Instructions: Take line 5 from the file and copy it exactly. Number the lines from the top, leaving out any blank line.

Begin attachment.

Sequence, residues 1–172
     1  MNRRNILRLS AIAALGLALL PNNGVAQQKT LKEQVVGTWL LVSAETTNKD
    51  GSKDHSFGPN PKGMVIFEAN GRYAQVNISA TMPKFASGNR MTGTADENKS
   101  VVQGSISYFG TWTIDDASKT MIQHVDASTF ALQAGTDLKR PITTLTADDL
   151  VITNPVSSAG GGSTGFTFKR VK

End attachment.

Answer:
   151  VITNPVSSAG GGSTGFTFKR VK